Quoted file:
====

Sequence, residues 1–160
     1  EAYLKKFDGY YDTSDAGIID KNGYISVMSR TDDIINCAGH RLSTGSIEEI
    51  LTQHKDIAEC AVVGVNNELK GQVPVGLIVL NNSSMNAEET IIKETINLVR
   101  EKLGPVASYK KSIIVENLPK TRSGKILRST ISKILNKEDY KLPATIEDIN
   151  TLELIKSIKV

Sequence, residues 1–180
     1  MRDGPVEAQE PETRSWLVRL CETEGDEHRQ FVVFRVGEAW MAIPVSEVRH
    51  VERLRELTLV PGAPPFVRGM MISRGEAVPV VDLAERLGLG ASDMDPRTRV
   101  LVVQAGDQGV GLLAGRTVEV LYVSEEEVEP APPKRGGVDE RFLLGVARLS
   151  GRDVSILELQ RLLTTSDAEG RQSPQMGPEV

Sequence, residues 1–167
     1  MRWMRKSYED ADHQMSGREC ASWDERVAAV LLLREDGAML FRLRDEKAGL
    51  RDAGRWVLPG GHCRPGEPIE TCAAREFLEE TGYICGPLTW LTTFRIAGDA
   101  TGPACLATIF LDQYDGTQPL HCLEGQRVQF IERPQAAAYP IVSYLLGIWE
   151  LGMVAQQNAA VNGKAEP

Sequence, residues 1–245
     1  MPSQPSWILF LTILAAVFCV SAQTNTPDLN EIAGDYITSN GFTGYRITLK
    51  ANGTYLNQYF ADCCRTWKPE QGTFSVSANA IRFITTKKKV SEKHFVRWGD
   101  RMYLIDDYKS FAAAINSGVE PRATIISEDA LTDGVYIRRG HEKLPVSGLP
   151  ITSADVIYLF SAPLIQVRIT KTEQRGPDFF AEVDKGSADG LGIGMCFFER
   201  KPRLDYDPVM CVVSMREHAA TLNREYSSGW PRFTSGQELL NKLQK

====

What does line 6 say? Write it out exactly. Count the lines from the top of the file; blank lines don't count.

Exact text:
Sequence, residues 1–180